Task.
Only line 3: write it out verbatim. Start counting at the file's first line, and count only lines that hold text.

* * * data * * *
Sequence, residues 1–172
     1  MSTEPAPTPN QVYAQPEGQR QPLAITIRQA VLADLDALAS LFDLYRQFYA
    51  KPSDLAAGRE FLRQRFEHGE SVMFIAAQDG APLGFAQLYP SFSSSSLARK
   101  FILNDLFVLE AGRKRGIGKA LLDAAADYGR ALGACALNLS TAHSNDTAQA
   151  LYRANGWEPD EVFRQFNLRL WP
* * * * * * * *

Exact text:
    51  KPSDLAAGRE FLRQRFEHGE SVMFIAAQDG APLGFAQLYP SFSSSSLARK